redesycalles quien debe IMG135 copyAnonymous stencil: “Who owes what to whom”. Avenida Reina Victoria, fall 2013.

IMG_4929Anonymous stencil: “Fear never won you any rights”.  Santa Isabel, 22 April 2014.

To see pieces by Por Favor, visit his gallery on tumblr.  You can see Dos Jotas‘ work here. You can find Yipi Yipi Yeah’s work in their webpage.

You can read about the campaign Invisibles de Tetúan here.

To see more pieces by Rey de la Ruina, visit his gallery on flickr. And his archive in tumblr. You can also check this post by Madrid Street Art Project.


Esténciles de Yipi Yipi Yeah en Lavapiés

Si caminas por las calles de Lavapiés con cierta atención a las paredes, de seguro te toparás con las intervenciones urbanas de Yipi Yipi Yeah.  Un buen número de ellas consiste en esténciles colocados estratégicamente que dialogan con su contexto social y urbano en maneras que comentan sobre los efectos sociales de Continue reading

Yipi Yipi Yeah: Stencils in Lavapiés

If you walk down the streets of Lavapiés paying attention to its walls, you will most likely run into Yipi Yipi Yeah‘s urban interventions.  A number of them are strategically located stencils that dialogue with their social and urban context in ways that comment on the social effects of the neoliberal and neo-conservative economic projects in Madrid.  Take the stenciled figure of a life-size nun, walking on air as if in a dream, reaching out to a condom dispenser in Calle Sombrerete:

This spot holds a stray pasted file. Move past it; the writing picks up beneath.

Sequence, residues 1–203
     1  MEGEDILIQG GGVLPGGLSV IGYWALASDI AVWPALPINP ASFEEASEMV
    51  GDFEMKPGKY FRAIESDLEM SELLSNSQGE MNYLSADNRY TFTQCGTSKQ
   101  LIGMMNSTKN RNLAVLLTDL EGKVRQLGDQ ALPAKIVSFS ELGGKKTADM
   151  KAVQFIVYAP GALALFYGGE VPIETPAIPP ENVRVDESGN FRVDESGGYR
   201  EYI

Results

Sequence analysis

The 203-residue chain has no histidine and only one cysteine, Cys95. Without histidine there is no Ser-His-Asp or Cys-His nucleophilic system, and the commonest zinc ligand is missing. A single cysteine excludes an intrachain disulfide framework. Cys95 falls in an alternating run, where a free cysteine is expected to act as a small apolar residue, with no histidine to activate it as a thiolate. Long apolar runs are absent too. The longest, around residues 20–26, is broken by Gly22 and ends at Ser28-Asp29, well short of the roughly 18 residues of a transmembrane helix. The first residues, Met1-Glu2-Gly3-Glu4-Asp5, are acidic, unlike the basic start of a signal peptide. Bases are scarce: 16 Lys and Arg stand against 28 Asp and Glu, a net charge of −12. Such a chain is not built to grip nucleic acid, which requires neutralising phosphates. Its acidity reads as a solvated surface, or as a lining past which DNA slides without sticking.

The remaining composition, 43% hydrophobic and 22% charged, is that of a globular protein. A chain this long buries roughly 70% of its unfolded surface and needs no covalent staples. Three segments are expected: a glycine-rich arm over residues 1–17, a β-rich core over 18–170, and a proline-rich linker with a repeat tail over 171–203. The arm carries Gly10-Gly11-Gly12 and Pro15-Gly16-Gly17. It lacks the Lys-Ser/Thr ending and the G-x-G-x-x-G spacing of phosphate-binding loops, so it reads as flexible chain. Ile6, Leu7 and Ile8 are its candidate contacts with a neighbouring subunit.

yipi IMG_5532Calle Sombrerete, Madrid, 20 May, 2014.

According to Yipi Yipi Yeah, the stenciled nun seeks to call attention to the astonishing fact that it was only in 2010 that the Catholic Church declared that the use of condoms could be justified in some cases. The powerful image also reminds passers-by of the status of the Catholic Church as a “special interest group” in democratic Spain.

A couple of blocks down, take the long line of people stenciled on ground level on Calle Argumosa in “¡Madrid hasta nunca! Migramos” (See you never again, Madrid! We’re emigrating), which evoke the long lines of unemployed people standing outside INEM, the government-run job center.  As Yipi Yipi Yeah has pointed out to me, the stencil refers to the vast emigration of people, young and old,  forced to leave the country due to the precarization of work conditions, the destruction of work and education incentives, and the bleak outlook for the futre:

Yipi Yipi Yeah  IMG_5935